Urolithiasis is the most widespread and economically important urinary disease of ruminant species. Clinical urolithiasis
is more common in males and castrated males. Particularly those castrated prior to 2 months of age. It is more common in young
animals and may reflect both population and feed bias. Disease predominates in late fall or winter and the arid months of
summer, likely due to fluctuations in water supply and intake.
Silica, magnesium ammonium phosphate (phosphatic, struvite), calcium carbonate, and calcium oxylate are the most common types
of crystals found in ruminants. Silica urolithiasis typically occurs in the western United States in animals that are grazing
pastures or eating feeds harvested from pastures with high silicate concentrations. The stones are single, hard, and damage
urethral mucosa during passage. High dietary Ca may predispose to the development of these uroliths. Magnesium ammonium phosphate
uroliths are often referred to as phosphatic or struvite stones. These are most common in feedlot animals and others on high
concentrate rations. Animals with Magnesium ammonium phosphate stones generally have multiple small, soft, amorphous stones
or sludge in the urinary tract. Crystals are often present on the preputial orifice in affected animals. Calcium carbonate
and calcium oxalate urolithiasis is less common and seen primarily in sheep grazing lush clover or legume pastures. High dietary
calcium and oxalate may predispose to carbonate and oxylate urolithiasis.
Formation or urinary calculi is dependent on the supersaturation of urine with soluble ionized minerals. Crystal formation
occurs when the inhibitory capacity of mucopolysaccharides, ions, and organic acids is exceeded. A variety of risk factors
exist for the development of uroliths in ruminant species. Decreased salt or water intake, urinary stasis, urinary tract infection,
high urine pH (struvite, calcium phosphate, and calcium carbonate stones), vitamin A deficiency, and high estrogen intake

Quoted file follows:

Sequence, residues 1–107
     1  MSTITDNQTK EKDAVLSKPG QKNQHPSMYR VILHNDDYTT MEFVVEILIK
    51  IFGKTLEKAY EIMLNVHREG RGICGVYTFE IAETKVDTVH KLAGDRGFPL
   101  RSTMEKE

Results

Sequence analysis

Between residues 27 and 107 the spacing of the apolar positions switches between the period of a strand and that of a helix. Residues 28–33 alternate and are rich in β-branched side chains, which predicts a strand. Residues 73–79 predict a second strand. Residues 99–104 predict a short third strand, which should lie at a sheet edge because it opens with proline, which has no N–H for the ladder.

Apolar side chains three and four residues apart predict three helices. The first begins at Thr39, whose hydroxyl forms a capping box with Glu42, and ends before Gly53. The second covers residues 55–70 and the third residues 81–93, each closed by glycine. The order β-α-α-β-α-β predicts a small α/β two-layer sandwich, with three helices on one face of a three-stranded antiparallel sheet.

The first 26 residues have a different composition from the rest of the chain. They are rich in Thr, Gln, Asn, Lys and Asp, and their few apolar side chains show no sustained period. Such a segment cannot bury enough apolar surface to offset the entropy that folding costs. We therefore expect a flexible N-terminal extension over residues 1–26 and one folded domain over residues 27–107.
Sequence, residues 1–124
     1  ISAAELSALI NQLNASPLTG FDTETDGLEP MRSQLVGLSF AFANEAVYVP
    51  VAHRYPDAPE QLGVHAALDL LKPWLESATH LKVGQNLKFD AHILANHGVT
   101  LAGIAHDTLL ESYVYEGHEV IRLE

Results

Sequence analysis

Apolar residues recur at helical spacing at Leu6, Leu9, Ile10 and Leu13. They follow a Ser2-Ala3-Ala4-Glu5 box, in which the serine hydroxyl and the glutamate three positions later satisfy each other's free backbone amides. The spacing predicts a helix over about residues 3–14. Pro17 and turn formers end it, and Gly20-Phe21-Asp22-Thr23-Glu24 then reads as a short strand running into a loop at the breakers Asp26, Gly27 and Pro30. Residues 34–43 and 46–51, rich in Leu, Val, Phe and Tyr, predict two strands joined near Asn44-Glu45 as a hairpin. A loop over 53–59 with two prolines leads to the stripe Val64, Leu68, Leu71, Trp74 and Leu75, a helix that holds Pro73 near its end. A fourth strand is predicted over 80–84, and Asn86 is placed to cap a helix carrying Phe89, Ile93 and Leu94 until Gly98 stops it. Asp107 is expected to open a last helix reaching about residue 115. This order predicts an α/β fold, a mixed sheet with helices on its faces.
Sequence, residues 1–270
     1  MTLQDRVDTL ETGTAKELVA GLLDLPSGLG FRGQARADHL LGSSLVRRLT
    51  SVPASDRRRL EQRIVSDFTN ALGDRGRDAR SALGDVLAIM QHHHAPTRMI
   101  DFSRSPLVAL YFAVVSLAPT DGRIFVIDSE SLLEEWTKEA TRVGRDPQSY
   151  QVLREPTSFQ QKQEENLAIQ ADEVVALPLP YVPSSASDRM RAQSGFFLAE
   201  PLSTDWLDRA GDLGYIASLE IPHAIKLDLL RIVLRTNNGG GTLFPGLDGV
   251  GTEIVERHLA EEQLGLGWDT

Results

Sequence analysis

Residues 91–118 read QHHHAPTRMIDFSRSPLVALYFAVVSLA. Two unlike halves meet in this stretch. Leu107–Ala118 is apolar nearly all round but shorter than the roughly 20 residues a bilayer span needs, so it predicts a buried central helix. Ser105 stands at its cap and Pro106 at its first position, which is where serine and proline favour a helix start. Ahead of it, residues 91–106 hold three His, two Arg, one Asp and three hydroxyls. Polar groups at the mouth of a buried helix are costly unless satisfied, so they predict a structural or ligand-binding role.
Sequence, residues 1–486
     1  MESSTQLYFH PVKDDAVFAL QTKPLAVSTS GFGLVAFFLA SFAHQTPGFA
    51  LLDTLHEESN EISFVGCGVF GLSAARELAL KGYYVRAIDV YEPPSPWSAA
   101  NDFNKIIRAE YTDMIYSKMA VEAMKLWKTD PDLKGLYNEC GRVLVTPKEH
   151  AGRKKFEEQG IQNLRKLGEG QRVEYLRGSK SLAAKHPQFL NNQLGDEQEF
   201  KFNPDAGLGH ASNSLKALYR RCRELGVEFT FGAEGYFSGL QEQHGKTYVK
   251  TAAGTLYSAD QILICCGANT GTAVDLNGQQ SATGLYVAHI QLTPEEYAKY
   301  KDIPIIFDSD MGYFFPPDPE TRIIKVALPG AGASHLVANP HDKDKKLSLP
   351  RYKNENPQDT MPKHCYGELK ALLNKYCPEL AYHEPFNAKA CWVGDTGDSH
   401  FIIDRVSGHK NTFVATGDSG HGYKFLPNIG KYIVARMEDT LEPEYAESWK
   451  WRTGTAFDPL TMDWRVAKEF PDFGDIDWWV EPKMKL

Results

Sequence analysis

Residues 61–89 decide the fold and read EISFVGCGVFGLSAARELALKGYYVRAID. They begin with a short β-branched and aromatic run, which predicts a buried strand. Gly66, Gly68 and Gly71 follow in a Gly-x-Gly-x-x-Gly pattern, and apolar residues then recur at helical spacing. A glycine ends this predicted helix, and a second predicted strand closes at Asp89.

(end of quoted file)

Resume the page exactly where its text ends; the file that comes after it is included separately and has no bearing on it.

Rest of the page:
have all been implicated as risk factors. In addition, the anatomy of the male ruminant urinary tract also contributes due
to the potential narrowness of the passage and tortuous route. The sigmoid flexure is a common site for uroliths to lodge
in all ruminant species. Uroliths may also be fount on lesser occasion at the ischial arch. In small ruminants the urethral
process is an extremely common site for uroliths to lodge.
If left untreated, obstruction of the urinary tract may result in urethral rupture or urinary bladder rupture. Even with appropriate
treatment urethral stricture or hydronephrosis may present long term complications. Clinical signs will vary depending on
the duration of obstruction, the site of obstruction, and whether a rupture has occurred. Early clinical signs associated
with obstruction include signs of colic. Animals may have an arched stance, tread their feet, swish the tail, or kick at their
belly. Urolithiasis should always be near the top of the differential list in male ruminants with signs of colic, particularly
in sheep and goats. Stranguria, anuria, oliguria, hematuria, mineral deposits on the urethral hairs, uremic odor to the breath,
urinary bladder distention and pulsations of the pelvic urethra may also be present. Less specific signs include rectal prolapse,